Hezbollah supports Iran and condemns US decision on the Iran Revolutionary Guards
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- Islamic Revolutionary Guard Corps The Islamic Revolutionary Guard Corps (IRGC) is a branch of Iran's...[+]
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The head of Lebanese Shiite movement Hezbollah on Wednesday (Apr 10) condemned as foolish a US decision to designate Iran’s Revolutionary Guards a “terrorist group”, praising the elite force as a key regional power.
Hezbollah was created at the initiative of Iran’s Revolutionary Guards during the Lebanese civil war after Israel overran the capital Beirut in 1982.
It is a key ally of Tehran and has supported Iran-backed groups in Syria, Iraq and Yemen.
In a televised speech, Hezbollah chief Hassan Nasrallah slammed Monday’s designation by the United States.
“This is the height of insolence and foolishness,” he said.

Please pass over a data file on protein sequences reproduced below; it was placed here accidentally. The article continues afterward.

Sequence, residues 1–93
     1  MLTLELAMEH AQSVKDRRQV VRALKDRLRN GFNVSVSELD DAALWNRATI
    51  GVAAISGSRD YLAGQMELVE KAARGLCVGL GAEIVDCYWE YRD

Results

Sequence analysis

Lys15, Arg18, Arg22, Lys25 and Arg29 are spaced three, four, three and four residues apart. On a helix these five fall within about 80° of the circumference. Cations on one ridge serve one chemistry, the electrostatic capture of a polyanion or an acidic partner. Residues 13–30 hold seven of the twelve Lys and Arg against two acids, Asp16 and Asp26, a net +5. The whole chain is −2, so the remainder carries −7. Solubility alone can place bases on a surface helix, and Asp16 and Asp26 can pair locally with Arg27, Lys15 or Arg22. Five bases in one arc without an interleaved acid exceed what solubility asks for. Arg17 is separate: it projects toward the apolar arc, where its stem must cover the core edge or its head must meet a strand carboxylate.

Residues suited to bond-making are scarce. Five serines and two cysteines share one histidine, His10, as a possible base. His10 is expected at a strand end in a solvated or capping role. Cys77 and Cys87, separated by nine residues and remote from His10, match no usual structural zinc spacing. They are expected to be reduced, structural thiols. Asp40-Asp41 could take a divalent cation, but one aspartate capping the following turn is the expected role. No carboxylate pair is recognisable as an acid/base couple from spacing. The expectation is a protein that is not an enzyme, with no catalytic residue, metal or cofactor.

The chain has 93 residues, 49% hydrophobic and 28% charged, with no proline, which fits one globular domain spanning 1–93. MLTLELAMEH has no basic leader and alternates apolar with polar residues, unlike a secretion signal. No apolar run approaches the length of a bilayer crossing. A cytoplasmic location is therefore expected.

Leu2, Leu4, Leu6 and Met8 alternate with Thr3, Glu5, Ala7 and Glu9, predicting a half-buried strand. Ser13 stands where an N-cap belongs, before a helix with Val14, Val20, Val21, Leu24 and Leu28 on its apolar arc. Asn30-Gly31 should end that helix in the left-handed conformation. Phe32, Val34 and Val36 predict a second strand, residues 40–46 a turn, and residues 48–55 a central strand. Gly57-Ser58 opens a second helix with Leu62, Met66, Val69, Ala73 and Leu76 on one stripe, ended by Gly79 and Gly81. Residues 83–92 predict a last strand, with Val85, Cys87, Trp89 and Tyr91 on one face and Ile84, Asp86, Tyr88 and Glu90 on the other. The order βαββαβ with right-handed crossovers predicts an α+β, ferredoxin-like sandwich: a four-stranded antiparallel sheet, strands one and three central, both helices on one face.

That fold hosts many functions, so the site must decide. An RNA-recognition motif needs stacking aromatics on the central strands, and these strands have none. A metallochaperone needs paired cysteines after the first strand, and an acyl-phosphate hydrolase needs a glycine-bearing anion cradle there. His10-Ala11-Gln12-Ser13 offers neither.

Washington’s move to blacklist the Islamic Revolutionary Guard Corps marked the first time the US has branded part of a foreign government a terrorist group.
“We condemn, denounce and rebuke this decision,” Nasrallah said.
The Revolutionary Guards are the ideological arm of Iran’s military and deeply embedded in the country’s political and economic life.
In recent years the unit has been active in Iraq and Syria, officially as “military advisors”.
Nasrallah on Wednesday lauded the elite military force, saying it “did not only provide financial and moral support” to its regional allies, but also sacrificed its “best commanders, officers and fighters” to battles outside of Iran.
“After the Americans put all groups and movements of the resistance on terror lists… they want to reach the primary and central power which is the Revolutionary Guards,” Nasrallah said.
Hezbollah has been designated a terrorist organisation by the US since 1997.
Nasrallah said his movement and other Iranian-backed groups will not respond to the decision with force, but threatened escalation if more measures are taken against Iran or its allies in the region.
“Condemnation will suffice for now,” he said. “But this does not mean we don’t have stronger cards to play,” he said, without specifying.
“This is not a permanent policy.”
Source: Channel News Asia